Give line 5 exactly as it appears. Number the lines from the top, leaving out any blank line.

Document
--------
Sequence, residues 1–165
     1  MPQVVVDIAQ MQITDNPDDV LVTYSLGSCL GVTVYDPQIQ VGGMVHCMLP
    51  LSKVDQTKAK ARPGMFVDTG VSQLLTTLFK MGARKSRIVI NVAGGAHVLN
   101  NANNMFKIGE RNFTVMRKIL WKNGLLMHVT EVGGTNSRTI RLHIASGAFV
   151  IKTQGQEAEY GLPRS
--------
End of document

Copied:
   151  IKTQGQEAEY GLPRS